The 52 Card Games project is my first 52 Weeks project. I love card games, and I love learning new games and playing the games I love. For this project, I’m documenting a new card game each Friday. In case you’ve missed any of the first fourteen games, check out all of the previous 52 CARD GAMES.
Spades is my #1 absolute favorite game. I could play spades for days. I knew that Viet and I were meant for each other when I found out he loved spades too. If you don’t know and love this game, please promise me you’ll try it. This is the perfect double date game. 🙂
Deal all the cards. Each player gets 13 cards. Partners sit opposite from one another.
Tricks. Spades is a trick taking game, which means each of the four players will play a single card, and whoever has the best card in the hand wins one “trick.” There are 13 tricks to be claimed each round.
Bidding. Players bid the number of tricks they believe they can make starting with the player to the left of the dealer. Then the dealer’s partner will make their bid, followed by the next player, and finishing with the dealer. The bids between partners are combined for their team’s bid. (e.g. If I bid 2 tricks and my partner bids 3 tricks as a team we bid 5 tricks.)
Play. The player to the left of the dealer starts the hand by leading any card other than a spade.
All other players must follow suit unless they have no cards of that suit, in which case they can “break spades” by playing a spade. After spades are broken, spades can be lead at the start of another hand (but not until they’re broken).
The winner of a trick leads the next hand.
Winning a trick. The highest card played in the hand of a given suit wins the trick unless spades are played. If spades are played, the highest spade wins the trick.
The highest cards of the game are the highest four spades. After that the Aces in each suit are fairly strong and the Kings are also strong cards (especially if you have both the Ace and King of a single suit). When you’re trying to bid how many tricks you can take at the start of a round, you should generally count the top four spades, any Aces, and maybe Kings if you have the Ace and King of the same suit. If you lead with the Ace of a suit early on, there’s less of a chance that anyone will break spades and more of a chance that you will win the trick with your Ace. Then you can always try to lead with the King of that suit and hope it makes it around a second time without getting trumped.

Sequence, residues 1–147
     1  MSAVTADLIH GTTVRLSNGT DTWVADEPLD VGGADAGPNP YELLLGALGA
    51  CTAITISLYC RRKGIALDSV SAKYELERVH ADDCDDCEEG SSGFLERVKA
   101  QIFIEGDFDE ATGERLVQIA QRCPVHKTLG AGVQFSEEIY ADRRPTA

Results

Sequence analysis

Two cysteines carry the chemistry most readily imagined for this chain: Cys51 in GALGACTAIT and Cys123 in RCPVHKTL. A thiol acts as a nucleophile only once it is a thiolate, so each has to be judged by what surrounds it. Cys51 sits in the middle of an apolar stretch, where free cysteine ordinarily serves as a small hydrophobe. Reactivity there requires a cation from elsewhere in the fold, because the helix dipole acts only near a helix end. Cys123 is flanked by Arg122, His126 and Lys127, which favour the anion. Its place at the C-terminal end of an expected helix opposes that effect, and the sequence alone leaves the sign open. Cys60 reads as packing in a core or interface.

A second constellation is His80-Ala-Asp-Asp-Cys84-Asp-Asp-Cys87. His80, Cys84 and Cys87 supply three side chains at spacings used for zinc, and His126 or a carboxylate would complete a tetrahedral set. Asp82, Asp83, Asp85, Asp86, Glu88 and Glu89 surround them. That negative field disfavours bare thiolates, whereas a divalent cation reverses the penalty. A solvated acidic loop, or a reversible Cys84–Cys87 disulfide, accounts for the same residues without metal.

Spades can also be powerful cards if you have a low number of cards of any single other suit and a high number of spades, because you can most likely trump hands in that suit. So you could bid a few tricks at least for this hand even though you don’t have any of the “best” cards.
If a team achieves exactly the number of tricks they bid, they receive ten points per trick (e.g. 5 tricks bid and 5 tricks won = 50 points for the team).
Setting. If a team wins so many tricks that they prevent the opposing team from winning the tricks that they bid, they “set” the other team. The team that doesn’t achieve the tricks they bid, recieves a negative score of ten points for each trick bid (e.g. 5 tricks bid and <5 tricks won= -50 points).
Bags. A team wins a “bag” for every trick that they win above the number of tricks they bid. For example, if a team bids 4 tricks but wins 6 tricks, they get two bags. For scoring, a team gets a single point for every bag, so in this case their score would be 42. When a team collects ten bags, they lose 100 points.
Nil. If a player bids zero tricks, they are attempting to go nil. If a bid of nil is successful, the nil bidder’s side receives 100 points. This is in addition to the score won (or lost) by the partner of the nil bidder for tricks made. If a bid of nil fails (if the bidder takes at least one trick), the bidder’s side loses 100 points, but still receives any amount scored for the partner’s bid. The usual rule is that when a nil fails, the tricks won by the nil bidder do not count towards making the partner’s bid, but do count as bags for the team.
Blind Nil. A player can also choose to go blind nil. This is a nil bid declared before a player looks at his or her cards. After everyone has bid and before the first lead, the blind nil bidder may exchange two cards face down with their partner. Blind Nil may only be bid by a player whose side is losing by at least 100 points. A bid of blind nil scores twice as much as an ordinary nil – it wins 200 points if successful and loses 200 points if it fails.
Ending the Game
The first team to score 500 points wins.
Play on, players!